Plaintiff’s initial surgery (prior to the events in question here) was intended to address discitis osteomyelitis, an infectious process involving the spine that can cause destructive changes and instability (Doc. 69-2, p. 2). Dr. Hurford testified via affidavit that a procedure to fuse the sacrum using iliac screws was considered at the time of the initial surgery in June of 2008, but that he elected for a more conservative course of treatment due to the poor condition of Plaintiff’s skin and the significant blood loss he experienced during the surgery (Doc. 69-2, p. 3). When that course of treatment was found to have failed in November of 2008, Hurford recommended the more complicated surgery, which was scheduled for May 27, 2009 (Doc. 69-2, p. 4).

Nowhere do the medical records state, conclude, or suggest that the fall itself caused the hardware to break. Nowhere do the medical records indicate that Plaintiff’s condition indicated a need for a back brace or other exterior stabilization. In fact, Hurford’s notes on the May 27, 2009 surgery indicated that Plaintiff’s back had fused on its own, and the surgery Hurford planned to perform that day was no longer necessary. Hurford also indicated in his affidavit that when he examined Plaintiff, the need for surgery was neither urgent nor emergent.

The only evidence offered in support of Plaintiff’s contention that he needed surgery immediately after the fall is his own testimony to that effect, although as Plaintiff repeatedly reminds the Court, he is a layperson with a ninth grade education, not a medical professional. Plaintiff’s insistence that he needed surgery sooner than he received it appears to be a preference of the Plaintiff, which is not entitled to protection under the Eighth Amendment. Plaintiff has not shown that the delay of which he complains was medically negligent, much less that it rose to the level of deliberate indifference.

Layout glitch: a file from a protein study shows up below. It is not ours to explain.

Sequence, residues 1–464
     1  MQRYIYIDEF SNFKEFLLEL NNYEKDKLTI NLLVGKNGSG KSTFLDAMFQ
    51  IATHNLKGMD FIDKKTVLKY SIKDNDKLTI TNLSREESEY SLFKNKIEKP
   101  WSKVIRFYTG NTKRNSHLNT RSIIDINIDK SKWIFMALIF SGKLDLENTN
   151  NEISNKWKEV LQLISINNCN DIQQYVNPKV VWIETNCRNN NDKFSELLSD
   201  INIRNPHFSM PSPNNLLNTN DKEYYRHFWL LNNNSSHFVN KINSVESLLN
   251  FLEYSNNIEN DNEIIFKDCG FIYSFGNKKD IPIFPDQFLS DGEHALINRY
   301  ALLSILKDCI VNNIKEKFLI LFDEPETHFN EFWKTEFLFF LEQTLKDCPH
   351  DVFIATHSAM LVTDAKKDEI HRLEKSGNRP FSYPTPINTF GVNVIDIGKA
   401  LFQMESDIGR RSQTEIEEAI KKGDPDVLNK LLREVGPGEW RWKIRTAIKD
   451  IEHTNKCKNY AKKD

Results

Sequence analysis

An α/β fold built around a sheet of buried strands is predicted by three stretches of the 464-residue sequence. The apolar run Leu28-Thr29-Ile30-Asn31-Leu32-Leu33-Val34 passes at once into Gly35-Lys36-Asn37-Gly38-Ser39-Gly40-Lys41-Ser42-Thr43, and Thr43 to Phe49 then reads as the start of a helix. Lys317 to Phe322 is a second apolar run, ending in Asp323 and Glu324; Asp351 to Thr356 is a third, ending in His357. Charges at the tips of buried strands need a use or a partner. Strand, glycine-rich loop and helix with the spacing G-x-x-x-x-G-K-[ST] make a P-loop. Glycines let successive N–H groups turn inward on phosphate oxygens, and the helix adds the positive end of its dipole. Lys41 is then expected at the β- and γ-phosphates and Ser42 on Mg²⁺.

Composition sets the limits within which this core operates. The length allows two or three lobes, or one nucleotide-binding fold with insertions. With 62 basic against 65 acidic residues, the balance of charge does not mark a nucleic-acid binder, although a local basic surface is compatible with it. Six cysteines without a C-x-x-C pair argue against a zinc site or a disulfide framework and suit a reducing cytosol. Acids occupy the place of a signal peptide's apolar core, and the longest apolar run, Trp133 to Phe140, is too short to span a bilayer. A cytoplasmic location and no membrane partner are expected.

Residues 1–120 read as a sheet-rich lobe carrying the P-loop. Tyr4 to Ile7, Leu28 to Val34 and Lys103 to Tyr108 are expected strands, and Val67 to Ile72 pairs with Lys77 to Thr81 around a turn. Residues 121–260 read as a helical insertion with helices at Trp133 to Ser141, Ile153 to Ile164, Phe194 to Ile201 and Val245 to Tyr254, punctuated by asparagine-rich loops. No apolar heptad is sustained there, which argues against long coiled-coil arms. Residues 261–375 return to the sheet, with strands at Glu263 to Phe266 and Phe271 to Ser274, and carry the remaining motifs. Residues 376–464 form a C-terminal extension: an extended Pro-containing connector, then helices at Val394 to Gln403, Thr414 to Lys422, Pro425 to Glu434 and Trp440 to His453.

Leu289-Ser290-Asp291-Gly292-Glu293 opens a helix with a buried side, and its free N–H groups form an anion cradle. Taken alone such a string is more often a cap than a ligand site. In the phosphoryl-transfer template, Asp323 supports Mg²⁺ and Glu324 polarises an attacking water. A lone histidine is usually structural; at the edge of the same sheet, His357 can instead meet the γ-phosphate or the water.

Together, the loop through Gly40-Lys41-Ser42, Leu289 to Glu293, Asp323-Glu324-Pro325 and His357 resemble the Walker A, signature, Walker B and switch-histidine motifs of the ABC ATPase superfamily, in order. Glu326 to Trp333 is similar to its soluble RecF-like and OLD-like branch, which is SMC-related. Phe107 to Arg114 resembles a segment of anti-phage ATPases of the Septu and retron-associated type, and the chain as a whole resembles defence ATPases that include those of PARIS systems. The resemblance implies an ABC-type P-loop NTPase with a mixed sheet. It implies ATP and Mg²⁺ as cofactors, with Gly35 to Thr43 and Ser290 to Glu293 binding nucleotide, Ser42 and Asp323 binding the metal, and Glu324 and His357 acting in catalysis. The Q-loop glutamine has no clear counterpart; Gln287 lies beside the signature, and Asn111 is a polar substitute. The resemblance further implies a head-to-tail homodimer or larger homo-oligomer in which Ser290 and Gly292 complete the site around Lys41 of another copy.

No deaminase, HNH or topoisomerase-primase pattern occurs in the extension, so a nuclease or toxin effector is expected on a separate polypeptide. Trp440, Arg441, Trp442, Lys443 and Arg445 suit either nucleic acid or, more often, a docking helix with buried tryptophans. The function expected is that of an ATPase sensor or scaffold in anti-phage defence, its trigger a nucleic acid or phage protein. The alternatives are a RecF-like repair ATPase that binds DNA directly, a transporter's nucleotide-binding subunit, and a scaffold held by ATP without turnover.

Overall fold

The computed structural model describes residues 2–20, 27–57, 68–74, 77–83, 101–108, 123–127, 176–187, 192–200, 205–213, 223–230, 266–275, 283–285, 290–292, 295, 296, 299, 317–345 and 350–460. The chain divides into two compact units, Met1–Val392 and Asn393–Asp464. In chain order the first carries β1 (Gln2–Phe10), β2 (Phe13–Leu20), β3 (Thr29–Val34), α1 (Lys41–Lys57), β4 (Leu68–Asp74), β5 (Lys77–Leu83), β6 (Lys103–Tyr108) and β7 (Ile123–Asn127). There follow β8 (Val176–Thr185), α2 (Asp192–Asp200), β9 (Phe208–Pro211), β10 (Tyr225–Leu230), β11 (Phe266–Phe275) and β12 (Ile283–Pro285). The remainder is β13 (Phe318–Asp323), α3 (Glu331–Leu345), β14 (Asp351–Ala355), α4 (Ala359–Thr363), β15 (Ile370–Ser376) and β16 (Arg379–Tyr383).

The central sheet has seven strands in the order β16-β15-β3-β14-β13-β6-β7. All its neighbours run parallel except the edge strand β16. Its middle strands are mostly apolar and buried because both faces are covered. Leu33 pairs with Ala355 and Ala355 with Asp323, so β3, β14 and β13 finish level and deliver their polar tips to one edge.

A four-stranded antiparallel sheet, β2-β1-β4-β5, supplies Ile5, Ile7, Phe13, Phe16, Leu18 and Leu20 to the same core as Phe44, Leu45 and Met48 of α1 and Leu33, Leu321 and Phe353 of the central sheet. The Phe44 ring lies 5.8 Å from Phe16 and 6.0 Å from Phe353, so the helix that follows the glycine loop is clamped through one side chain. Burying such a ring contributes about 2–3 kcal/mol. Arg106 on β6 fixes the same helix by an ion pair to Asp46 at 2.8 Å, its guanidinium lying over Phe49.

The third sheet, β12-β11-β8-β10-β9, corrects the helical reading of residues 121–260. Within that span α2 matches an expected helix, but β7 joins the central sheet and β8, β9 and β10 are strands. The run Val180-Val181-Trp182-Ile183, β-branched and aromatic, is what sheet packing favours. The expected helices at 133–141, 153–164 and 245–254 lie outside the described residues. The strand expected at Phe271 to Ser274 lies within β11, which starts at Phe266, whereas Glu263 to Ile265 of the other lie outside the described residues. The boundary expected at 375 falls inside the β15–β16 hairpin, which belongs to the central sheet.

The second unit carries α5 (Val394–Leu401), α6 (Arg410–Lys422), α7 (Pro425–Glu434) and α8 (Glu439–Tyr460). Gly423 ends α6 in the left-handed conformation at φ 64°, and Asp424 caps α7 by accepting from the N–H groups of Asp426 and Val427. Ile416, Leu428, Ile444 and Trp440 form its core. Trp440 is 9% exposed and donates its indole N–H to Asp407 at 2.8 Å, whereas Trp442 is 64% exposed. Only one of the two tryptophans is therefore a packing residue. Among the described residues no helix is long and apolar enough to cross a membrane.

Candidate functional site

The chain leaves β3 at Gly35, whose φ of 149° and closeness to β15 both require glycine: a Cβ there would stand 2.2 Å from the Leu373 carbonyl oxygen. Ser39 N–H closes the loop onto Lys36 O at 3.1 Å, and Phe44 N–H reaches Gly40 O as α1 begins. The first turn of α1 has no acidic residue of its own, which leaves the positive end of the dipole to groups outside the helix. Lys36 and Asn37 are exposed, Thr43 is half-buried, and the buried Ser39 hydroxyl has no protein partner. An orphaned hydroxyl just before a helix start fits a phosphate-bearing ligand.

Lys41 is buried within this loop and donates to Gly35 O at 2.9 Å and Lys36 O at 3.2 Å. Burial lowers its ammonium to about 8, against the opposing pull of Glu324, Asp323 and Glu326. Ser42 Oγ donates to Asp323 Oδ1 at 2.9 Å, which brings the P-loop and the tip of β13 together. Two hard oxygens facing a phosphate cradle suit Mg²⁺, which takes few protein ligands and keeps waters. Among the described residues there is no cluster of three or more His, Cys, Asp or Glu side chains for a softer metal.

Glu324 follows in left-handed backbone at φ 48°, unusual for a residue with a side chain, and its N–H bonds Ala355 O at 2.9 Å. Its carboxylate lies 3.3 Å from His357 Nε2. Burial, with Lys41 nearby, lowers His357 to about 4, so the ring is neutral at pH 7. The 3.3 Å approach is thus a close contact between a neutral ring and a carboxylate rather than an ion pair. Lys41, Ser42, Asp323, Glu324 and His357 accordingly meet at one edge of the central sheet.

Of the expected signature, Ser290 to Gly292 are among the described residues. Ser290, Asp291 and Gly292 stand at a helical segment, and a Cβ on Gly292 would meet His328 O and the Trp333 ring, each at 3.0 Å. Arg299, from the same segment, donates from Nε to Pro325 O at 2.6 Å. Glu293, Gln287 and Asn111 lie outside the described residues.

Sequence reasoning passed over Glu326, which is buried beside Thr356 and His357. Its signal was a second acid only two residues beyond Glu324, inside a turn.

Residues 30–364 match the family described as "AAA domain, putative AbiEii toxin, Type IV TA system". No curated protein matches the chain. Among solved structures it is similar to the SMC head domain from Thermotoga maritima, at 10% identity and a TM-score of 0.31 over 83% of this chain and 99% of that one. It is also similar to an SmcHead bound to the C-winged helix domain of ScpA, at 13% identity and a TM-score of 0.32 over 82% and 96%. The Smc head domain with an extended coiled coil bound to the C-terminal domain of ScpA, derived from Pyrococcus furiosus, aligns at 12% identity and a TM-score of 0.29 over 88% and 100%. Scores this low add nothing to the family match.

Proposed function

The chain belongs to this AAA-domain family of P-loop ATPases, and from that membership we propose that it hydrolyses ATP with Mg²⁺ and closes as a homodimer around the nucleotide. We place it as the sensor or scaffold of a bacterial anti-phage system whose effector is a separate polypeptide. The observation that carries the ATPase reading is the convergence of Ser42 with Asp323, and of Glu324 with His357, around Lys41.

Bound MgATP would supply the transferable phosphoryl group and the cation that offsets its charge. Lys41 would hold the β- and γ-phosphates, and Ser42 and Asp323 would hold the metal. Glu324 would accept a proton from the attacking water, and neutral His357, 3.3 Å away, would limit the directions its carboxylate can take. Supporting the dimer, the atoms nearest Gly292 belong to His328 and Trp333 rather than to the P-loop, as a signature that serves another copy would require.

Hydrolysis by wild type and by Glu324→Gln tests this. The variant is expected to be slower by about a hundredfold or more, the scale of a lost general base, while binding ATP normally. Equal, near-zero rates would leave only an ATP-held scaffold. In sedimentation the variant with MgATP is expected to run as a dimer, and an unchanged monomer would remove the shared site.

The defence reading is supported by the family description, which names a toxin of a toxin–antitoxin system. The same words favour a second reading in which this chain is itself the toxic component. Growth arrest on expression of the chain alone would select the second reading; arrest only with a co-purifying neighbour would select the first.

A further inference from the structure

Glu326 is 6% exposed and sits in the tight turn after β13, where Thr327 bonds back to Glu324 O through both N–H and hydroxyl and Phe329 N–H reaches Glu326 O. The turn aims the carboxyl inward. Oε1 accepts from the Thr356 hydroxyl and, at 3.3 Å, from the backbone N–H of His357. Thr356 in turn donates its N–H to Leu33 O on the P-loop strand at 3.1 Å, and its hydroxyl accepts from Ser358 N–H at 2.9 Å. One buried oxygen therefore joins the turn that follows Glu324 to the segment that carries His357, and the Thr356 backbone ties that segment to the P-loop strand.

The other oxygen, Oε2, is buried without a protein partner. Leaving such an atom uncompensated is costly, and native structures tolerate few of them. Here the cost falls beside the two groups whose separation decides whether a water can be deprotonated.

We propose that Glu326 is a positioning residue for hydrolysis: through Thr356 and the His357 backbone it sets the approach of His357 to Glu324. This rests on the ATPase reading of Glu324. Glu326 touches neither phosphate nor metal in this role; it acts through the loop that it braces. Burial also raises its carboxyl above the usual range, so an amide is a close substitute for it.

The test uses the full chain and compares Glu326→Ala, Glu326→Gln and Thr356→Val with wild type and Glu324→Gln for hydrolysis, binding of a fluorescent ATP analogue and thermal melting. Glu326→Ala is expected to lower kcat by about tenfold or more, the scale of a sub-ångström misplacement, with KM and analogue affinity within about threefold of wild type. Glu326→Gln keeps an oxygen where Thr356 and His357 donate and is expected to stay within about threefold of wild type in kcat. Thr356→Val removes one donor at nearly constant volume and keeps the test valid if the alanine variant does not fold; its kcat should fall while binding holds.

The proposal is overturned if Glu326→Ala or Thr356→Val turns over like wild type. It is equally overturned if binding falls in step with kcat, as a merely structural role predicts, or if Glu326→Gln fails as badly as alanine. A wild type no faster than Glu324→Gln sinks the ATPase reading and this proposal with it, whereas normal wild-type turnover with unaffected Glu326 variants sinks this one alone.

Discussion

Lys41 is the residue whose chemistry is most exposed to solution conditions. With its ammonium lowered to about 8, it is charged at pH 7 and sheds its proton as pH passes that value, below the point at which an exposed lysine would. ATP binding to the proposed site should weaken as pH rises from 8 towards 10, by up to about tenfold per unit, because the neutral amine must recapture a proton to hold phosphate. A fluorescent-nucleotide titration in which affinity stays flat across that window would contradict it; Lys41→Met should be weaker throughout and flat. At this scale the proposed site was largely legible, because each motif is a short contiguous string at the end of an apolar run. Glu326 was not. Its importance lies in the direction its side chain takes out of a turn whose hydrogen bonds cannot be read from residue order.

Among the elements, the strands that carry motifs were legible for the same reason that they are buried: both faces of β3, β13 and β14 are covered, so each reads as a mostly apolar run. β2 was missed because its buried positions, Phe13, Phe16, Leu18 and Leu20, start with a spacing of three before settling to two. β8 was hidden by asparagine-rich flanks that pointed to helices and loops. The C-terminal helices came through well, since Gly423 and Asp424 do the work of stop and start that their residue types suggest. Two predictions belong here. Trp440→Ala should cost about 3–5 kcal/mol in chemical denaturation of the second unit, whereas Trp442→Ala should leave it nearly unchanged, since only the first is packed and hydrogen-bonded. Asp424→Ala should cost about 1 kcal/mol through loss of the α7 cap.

Additionally, there is significant evidence in the record that Fenoglio was not deliberately indifferent. Fenoglio performed an examination on the same day of the fall and one week later. He concluded that Plaintiff had suffered a bruised back. Plaintiff has not submitted any evidence that this conclusion was so out of bounds as to “shock the conscience.” Furthermore, the record reveals that Fenoglio took Plaintiff’s complaints of pain seriously. Fenoglio frequently prescribed narcotic pain medication, including Vicodin and Darvocet. He arranged for Plaintiff to get the tests necessary to determine if Plaintiff was a candidate for surgery, and he completed testing on January 16, 2009. He instructed his staff to frequently follow up with the Carle clinic to determine the status of Plaintiff’s surgery.

During this time, Fenoglio housed Plaintiff in the infirmary and examined him regularly. The nursing staff also examined Plaintiff regularly. The records show that Fenoglio undertook to manage Plaintiff’s pain and to get him scheduled for further reconstructive surgery. Although it is possible that Plaintiff may have been scheduled for surgery sooner, the evidence suggests that the delay, if anything, caused Plaintiff’s back to stabilize without the need for a complicated and risky procedure. This is not deliberate indifference, and Fenoglio is entitled to summary judgment.

(3) ADA and Unconstitutional Condition of Confinement Claims